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Pittman Company is a small but growing manufacturer of telecommunications equipment. The company has no sales

force of its own; rather, it relies completely on independent sales agents to market its products. These agents are paid a sales commission of 15% for all items sold.


Barbara Cheney, Pittman's controller, has just prepared the company's budgeted income statement for next year as follows:


Pittman Company

Budgeted Income Statement

For the Year Ended December 31 Sales   $17,000,000 Manufacturing expenses:      Variable$7,650,000    Fixed overhead 2,380,000  10,030,000 Gross margin    6,970,000 Selling and administrative expenses:      Commissions to agents 2,550,000    Fixed marketing expenses 119,000*   Fixed administrative expenses 1,840,000  4,509,000 Net operating income    2,461,000 Fixed interest expenses    595,000 Income before income taxes    1,866,000 Income taxes (30%)    559,800 Net income   $1,306,200  

*Primarily depreciation on storage facilities.


As Barbara handed the statement to Karl Vecci, Pittman's president, she commented, "I went ahead and used the agents' 15% commission rate in completing these statements, but we've just learned that they refuse to handle our products next year unless we increase the commission rate to 20%."


"That's the last straw," Karl replied angrily. "Those agents have been demanding more and more, and this time they've gone too far. How can they possibly defend a 20% commission rate?"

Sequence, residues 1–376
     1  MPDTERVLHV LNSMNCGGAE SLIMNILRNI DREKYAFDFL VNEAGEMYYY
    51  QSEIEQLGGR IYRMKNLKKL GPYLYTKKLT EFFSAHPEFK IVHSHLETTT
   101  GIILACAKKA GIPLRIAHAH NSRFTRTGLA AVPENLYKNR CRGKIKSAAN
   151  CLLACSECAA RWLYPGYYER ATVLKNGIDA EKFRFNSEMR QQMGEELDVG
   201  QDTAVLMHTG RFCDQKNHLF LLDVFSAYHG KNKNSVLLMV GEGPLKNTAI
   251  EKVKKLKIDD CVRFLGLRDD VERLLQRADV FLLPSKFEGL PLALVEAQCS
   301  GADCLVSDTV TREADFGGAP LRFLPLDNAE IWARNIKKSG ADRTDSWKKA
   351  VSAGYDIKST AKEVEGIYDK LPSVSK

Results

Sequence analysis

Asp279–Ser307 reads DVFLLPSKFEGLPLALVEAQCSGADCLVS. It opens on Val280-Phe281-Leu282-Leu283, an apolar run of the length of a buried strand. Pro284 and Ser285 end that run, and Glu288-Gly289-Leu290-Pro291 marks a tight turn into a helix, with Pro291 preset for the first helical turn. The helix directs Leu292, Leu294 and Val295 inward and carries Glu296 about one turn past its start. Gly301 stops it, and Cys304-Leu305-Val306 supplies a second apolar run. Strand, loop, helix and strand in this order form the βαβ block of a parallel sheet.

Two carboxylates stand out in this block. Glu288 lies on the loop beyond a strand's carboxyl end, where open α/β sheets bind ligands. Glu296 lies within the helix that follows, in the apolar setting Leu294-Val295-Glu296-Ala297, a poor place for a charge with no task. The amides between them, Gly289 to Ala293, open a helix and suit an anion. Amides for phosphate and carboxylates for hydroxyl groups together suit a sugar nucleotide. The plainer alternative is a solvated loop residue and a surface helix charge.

"They claim that after paying for advertising, travel, and the other costs of promotion, there's nothing left over for profit," replied Barbara.


"I say it's just plain robbery," retorted Karl. "And I also say it's time we dumped those guys and got our own sales force. Can you get your people to work up some cost figures for us to look at?"


"We've already worked them up," said Barbara. "Several companies we know about pay a 7.5% commission to their own salespeople, along with a small salary. Of course, we would have to handle all promotion costs, too. We figure our fixed expenses would increase by $2,550,000 per year, but that would be more than offset by the $3,400,000 (20% × $17,000,000) that we would avoid on agents' commissions."


The breakdown of the $2,550,000 cost follows:


    Salaries:   Sales manager$106,250 Salespersons 637,500 Travel and entertainment 425,000 Advertising 1,381,250 Total$2,550,000 


"Super," replied Karl. "And I noticed that the $2,550,000 equals what we're paying the agents under the old 15% commission rate."


"It's even better than that," explained Barbara. "We can actually save $78,200 a year because that's what we're paying our auditors to check out the agents' reports. So our overall administrative expenses would be less."


"Pull all of these numbers together and we'll show them to the executive committee tomorrow," said Karl. "With the approval of the committee, we can move on the matter immediately."



2. Assume that Pittman Company decides to continue selling through agents and pays the 20% commission rate. Determine the dollar sales that would be required to generate the same net income as contained in the budgeted income statement for next year.



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